What is risk management?
Risk management is about predictions and prevention and is the measure of the probability and consequence of not achieving a defined event goal. It is a logical and systematic method to reduce the risks associated with any activity, function or process in an event.
Risk management minimises loss and maximises opportunity – it should be remembered that loss does not only include loss of life or injury but also loss of property and reputation.
Duty of CareAll existing and proposed South African laws concerning the events industry revolve around the one Common Law principle of ‘Duty of Care’. Organisers are required to show that they exercised Duty of Care to participants’ lives, health and property
In the case of loss, Courts essentially ask two questions:• Was incident predictable
• Could it have been prevented
The Judge then applies the ‘Reasonable Man’s’ test and if the answer is ‘yes’ to the questions, then liability has occurred and the law takes the view that the event organiser is the one who is liable, as he or she has been paid by a client for a professional service. If the answer is ‘no’, then risk management has been successfully applied.
Risk Management ModelsThe old model of pressure was for everyone to push responsibility to the event organiser and the event organiser to take out insurance. The problem with this was that it assumed that all risks could be insured; had no understanding of wrongdoing; and worked on the hope of the ignorance of the public who would not claim against the organisers.
The new model works on consultation with all stakeholders and a Risk Management plan that uses insurance as only one of the options to provide risk cover.
Event management includes risk managementFinding the risks and controlling them is essential in getting together a safe and successful event. With the complexity of modern events, the current legal system and the requirements of the event’s stakeholders, the event manager has to undertake risk management systematically and make sure that there is documentary proof of every step.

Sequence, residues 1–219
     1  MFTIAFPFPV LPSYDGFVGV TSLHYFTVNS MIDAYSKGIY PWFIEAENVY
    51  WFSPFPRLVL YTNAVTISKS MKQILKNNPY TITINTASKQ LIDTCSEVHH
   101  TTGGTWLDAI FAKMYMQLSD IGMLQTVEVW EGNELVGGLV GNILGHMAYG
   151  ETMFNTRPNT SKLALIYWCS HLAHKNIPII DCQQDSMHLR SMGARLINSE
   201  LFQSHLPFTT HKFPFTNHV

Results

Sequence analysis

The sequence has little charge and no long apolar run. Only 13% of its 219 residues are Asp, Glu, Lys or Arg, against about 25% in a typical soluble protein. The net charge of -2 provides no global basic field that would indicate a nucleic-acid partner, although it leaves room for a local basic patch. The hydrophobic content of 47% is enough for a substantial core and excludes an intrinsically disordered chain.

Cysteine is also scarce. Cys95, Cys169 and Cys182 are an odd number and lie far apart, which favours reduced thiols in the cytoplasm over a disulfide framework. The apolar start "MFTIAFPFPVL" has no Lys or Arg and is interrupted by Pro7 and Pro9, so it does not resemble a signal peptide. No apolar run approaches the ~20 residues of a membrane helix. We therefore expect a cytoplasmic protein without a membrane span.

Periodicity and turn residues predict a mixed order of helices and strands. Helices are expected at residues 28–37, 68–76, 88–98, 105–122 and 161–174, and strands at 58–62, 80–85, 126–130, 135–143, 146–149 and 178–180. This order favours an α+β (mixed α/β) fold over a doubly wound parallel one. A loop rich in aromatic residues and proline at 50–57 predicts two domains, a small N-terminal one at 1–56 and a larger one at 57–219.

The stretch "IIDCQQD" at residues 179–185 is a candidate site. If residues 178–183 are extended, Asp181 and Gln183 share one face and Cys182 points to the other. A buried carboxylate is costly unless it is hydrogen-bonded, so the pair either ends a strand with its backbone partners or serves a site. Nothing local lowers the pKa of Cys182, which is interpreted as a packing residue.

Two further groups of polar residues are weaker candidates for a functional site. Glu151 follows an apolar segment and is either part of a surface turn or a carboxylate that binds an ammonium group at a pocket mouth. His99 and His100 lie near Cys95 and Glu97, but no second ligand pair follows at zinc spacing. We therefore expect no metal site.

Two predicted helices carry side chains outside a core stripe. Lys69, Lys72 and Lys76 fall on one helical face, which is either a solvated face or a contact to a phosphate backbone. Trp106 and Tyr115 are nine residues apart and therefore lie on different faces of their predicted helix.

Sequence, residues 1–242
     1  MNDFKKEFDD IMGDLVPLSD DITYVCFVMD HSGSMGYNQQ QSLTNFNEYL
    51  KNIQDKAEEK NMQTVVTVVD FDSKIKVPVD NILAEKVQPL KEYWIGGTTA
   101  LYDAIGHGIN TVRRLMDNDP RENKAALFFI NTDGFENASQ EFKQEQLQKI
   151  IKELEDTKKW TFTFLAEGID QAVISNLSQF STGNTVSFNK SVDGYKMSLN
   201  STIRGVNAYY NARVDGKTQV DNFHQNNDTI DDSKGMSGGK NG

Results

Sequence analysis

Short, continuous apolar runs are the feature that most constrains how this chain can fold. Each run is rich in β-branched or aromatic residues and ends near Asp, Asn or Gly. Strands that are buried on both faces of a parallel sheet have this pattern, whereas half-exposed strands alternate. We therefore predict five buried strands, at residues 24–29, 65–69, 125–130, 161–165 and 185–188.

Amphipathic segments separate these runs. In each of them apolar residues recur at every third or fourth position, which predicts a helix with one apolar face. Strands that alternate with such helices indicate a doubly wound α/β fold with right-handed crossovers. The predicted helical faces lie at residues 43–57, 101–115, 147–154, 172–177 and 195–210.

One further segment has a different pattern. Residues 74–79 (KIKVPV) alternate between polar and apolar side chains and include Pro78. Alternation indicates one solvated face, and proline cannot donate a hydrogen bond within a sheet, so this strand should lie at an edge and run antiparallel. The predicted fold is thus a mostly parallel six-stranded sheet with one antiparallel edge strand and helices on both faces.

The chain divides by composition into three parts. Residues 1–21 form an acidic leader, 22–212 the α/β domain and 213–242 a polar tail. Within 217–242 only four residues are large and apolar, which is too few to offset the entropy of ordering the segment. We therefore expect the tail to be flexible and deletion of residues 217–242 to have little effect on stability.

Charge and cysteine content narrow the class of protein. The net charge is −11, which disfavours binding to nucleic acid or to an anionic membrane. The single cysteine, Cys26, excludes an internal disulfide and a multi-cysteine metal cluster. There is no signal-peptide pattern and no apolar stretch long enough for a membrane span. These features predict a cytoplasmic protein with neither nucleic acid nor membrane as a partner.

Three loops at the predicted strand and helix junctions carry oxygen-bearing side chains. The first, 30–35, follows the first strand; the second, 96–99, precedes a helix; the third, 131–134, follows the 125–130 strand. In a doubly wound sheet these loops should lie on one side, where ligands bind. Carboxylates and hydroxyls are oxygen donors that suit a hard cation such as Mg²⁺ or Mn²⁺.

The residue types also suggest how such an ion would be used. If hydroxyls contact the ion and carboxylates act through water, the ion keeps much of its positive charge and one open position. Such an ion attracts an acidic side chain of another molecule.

As an event manager, you have already created a process for running events; now all you have to do is transfer that process to risk management. Though there is a multi-risk focus, it is only a single process.
Risk management must be considered before the selection of suppliers, staff and communication, as the risk profile of the event will dictate these choices. Therefore, risk management results differ for each event.
5 basic questionsEvaluation begins with answering the five basic question of events management from a perspective of risk.
• Who is coming? Crowds vary in nature and a small gathering should be safer than a large one, but look at the delegates’ profile in context. In the same stadium, football crowds could be more unruly than concert goers
• What is the event? Corporate dinners carry far less risk than a cup final. Cocktail parties carry less risk than 3-day exhibitions
• When is the event? Does the time of day add traffic stress to the equation? Is this an outdoor marquee in August (high wind factors)? Will storm conditions alter the event’s success? If it is very cold, do heating arrangements add a fire risk?
• Where is the event being held – the venue can add risk if it is not geared for high crowds, massive surges, traffics problems, crime prevention etc. Perhaps the venue is remote – are there toilet facilities, drinkable water, can trucks access the site for setup, is there power or does it have to be provided?
• Why is the event being held? This relates to risk management around the client’s requirements and expectations and in turn his or her client’s expectations. This can include profit from an event, favourable media comment, ticket sales, happy delegates.
Now you have the how, the next step is more in-depth risk assessment in Part 3.
If you have any questions, email Teresa@lithacommunications.co.za.